More than 2,300 years ago Aristotle famously wrote that we are more than the sum of our parts. This nugget of wisdom still resonates today, for at least one simple reason: connections. In the past two decades technology has transformed our understanding of what it means to be truly connected. Easy access to centuries of knowledge, and to like-minded thinkers worldwide, allows new ideas to coalesce at a startling speed.
In this special issue of Scientific American Mind, we take stock of key advances that are altering the way we think about connectivity and the human brain. Through technology, inventions that until recently were considered pure fantasy—a direct link between brains, machines that can reconstruct dreams, tiny solar panels embedded in neurons—are now facts of life. Welcome to the future.
At a cellular level, technology is revealing how a person's neurons update themselves to generate a living library of experience. This plasticity—fodder for the marketing campaigns of countless self-help guides—makes us adaptive, creative and intelligent. Yet its mechanisms have long bedeviled scientists. In the first part of the report, “The Neural Code,” we explore how emerging techniques are letting us hack the brain, to lay bare its secrets and extend our influence past the boundaries of flesh and bone.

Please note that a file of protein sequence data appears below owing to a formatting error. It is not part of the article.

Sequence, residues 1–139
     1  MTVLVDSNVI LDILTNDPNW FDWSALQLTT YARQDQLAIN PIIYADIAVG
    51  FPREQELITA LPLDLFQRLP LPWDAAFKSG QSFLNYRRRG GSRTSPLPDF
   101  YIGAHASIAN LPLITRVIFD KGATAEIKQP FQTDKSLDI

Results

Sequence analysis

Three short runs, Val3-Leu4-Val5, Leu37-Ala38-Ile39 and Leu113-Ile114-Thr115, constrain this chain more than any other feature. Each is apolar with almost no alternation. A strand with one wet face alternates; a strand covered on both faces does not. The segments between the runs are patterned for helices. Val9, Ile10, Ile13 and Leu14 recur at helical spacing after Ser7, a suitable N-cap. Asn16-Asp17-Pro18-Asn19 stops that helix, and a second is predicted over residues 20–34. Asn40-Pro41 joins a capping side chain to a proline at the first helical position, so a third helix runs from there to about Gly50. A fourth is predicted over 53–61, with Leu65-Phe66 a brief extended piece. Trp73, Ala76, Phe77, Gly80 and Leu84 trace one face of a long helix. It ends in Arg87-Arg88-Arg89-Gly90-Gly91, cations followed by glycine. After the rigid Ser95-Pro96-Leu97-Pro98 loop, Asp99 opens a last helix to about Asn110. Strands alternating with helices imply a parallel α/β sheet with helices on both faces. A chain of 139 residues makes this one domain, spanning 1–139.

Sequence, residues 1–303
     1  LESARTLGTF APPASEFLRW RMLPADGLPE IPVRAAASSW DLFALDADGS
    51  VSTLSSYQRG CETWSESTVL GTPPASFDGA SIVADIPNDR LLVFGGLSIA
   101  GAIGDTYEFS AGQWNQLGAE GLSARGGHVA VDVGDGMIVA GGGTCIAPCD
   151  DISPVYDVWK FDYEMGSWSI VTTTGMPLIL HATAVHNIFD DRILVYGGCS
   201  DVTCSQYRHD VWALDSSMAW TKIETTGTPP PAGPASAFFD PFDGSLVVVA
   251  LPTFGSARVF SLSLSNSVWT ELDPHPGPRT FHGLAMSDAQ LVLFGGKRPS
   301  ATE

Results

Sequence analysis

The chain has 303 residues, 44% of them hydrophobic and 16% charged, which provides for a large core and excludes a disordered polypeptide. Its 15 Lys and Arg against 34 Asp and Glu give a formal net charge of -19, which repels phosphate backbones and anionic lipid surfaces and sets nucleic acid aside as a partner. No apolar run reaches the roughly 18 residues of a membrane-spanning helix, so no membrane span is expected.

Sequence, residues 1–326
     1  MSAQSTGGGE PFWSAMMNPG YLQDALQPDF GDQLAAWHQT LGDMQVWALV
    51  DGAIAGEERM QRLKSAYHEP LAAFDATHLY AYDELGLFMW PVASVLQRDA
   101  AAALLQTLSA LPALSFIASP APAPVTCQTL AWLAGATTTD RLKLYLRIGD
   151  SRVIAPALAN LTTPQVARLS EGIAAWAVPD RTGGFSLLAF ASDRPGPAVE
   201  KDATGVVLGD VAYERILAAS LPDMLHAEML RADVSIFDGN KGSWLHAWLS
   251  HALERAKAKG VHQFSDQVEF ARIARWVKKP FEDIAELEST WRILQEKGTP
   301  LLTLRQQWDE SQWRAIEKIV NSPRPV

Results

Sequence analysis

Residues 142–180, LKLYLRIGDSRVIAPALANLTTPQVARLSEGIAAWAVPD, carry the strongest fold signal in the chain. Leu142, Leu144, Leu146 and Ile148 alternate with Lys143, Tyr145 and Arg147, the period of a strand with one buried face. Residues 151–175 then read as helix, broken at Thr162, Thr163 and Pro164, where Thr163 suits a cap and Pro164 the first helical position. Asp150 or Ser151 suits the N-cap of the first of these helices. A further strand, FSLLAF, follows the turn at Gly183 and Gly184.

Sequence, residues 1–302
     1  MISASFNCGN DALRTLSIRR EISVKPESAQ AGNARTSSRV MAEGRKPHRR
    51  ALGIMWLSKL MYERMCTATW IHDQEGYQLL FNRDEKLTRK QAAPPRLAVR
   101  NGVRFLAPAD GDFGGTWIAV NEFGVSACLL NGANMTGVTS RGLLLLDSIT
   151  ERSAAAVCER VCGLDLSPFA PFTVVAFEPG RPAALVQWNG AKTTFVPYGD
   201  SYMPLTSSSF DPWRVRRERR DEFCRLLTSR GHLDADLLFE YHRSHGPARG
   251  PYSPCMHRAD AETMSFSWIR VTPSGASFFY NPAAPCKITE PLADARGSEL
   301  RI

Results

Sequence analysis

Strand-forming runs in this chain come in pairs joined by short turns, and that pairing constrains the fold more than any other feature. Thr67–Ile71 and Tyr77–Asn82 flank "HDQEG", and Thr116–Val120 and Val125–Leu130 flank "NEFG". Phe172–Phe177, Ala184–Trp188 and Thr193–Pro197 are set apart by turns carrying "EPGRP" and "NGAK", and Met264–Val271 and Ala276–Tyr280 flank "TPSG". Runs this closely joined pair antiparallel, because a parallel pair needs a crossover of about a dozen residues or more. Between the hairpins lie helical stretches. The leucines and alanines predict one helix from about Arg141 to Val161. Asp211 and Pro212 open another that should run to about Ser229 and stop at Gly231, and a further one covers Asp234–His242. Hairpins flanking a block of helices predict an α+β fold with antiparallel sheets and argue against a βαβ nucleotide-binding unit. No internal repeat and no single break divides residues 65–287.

A single brain is a computing marvel, but it pales in comparison to the powers of the networked mind. Social ties also permit us to surpass limitations, whether it be through an act as humble as asking a friend for advice or as ambitious as banding together to build a better smartphone. Tapping into human connections has never been easier, and in our report's second section, “The Social Web,” we examine how interpersonal relationships manifest online. Love and hate persist—but with a digital twist.
To make the most of our networked noggins, we still need to address a critical issue: the toll of mental illness, a leading cause of disability worldwide. Here, too, our collective brain trust may at last be making headway. The final chapter, “The Healing Touch,” explores advances in modifying the brain, both to tweak problematic circuitry and to answer urgent questions about what causes dysfunction. The approaches described in this section are helping psychiatry become tech-savvy.
Technology is reshaping the brain sciences as well as brains themselves. By connecting ourselves to computers in numerous ingenious ways, we are pushing the limits of what we can each accomplish. Aristotle would be proud—or at least astounded. —The Editors